If the "new" new left is dead, then the new new new left is sure going to take some beating. Especially on bank holidays.

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Scum-watch: Yet more bad news stories on Facebook.

The Sun's managed to get itself a quite brilliant story today on a "lag" who's managing to use a social networking site via a smuggled mobile phone whilst still in prison, detailing his conversations with his friends and his boasts about he's also got access to cocaine inside.

It's therefore incredibly lucky that Robert “Rug” Abrams, 23, uses Facebook rather than MySpace, as the latter would mean the story couldn't possibly be used, lest it give a bad impression of the quite wonderful Murdoch owned networking site. After all, it's only criminals and prisoners that use Facebook, right?

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Monday, May 26, 2008 

On yer chain-gang!

As Labour prepare yet another doomed comeback, it's instructive to examine exactly what it is that's going to be replacing our current overlords in a couple of years' time. If you thought that New Labour was heartless, callous and Machiavellian, you ain't seen nothing yet:

A future Conservative government will bring in "boot camps" for unemployed young people aged between 18 and 21 who refuse to take a job, Chris Grayling, the party's welfare spokesman, will say tomorrow.

In a significant hardening of Conservative policy towards welfare claimants, he will announce the abolition of benefit payments for any able-bodied person under 21 who is out of work for more than three months and who refuses to go on a compulsory community service programme or a "boot camp" training course aimed at improving their work discipline and giving them basic skills to get a job.

It's about time that someone broke down the barrier between the unemployed and the criminal classes, because, let's face it, they're one and the same. Both are robbing from the taxpayer and both only understand one thing: the cold steel. Thought that boot camps were only for those that broke the law? Think again!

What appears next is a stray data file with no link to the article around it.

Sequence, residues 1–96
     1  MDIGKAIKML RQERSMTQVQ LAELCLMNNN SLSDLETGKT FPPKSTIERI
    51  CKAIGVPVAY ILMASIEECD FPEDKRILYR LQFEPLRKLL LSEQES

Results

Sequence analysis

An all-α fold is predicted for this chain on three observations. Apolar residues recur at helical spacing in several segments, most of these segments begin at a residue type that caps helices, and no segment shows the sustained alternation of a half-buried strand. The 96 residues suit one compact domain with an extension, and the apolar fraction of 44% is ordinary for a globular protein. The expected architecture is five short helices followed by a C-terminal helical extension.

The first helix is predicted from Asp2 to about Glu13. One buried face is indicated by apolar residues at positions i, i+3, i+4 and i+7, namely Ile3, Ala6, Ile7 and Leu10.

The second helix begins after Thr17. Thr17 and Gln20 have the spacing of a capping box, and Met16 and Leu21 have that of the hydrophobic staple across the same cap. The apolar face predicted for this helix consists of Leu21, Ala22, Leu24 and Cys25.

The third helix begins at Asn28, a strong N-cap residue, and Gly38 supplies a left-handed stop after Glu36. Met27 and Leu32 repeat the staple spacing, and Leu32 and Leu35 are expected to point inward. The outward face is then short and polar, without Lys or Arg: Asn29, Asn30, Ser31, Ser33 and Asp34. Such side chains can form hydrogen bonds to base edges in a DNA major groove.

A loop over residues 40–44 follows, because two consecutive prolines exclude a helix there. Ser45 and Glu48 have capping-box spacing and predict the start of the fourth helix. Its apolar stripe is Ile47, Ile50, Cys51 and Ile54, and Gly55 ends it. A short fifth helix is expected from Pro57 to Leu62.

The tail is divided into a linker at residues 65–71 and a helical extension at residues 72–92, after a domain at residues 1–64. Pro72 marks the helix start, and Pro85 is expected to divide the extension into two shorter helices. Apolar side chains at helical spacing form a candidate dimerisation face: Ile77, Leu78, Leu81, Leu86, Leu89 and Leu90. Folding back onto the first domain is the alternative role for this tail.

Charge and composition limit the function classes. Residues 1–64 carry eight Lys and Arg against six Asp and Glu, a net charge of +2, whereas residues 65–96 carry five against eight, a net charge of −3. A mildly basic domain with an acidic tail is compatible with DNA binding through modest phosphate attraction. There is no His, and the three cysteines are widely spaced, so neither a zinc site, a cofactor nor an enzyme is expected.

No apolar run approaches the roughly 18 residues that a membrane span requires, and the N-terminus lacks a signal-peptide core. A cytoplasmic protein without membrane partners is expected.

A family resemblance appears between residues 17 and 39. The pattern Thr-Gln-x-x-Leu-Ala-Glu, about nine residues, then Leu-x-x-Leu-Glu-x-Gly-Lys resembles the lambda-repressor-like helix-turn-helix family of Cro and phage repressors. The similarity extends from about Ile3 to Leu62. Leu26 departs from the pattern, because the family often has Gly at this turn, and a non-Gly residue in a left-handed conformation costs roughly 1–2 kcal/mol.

To be slightly more serious, who can honestly say that they're surprised that it's the weakest in society who can look forward to getting whacked again once we're back under the security of a Conservative government? They've got off slightly under Labour, despite all the rhetoric about getting tough on welfare and the triangulation policies that have already led to Brown stealing some of the Tories' original idea, but the unemployed, single mothers and foreigners can all be assured that the old guard are back in town. Nasty party doesn't even begin to cover it.

You can also rest assured that this would just be the rolling out of it to begin with. The "healthy" young (the so-called NEETs can almost always be defined by their depression, desperation and profound pessimism about their chances of getting anywhere, and mostly they're right to be) are the easiest to demonise: after all, if you can't find a job within 3 months when you're that age, they might as well be put down and save the taxpayer the money entirely. It doesn't seem to matter that this is the equivalent of the bringing back of the workhouse, getting the poor to sing for their supper rather than allowing them to sit on their arses all day, as that's clearly what they do with their time. The Tories would put them to work on "community service programmes", doing all the jobs that even the immigrants won't do: cleaning the graffiti that they probably sprayed up in the first place off, washing out drains, cutting the grass, picking up rubbish, and all for much less than £70 a week! As we're so often reminded, there's the deserving poor and the undeserving poor, the aspirational and the feckless, and the feckless will be made to face up to their lot in life by receiving far, far less than minimum wage for doing so.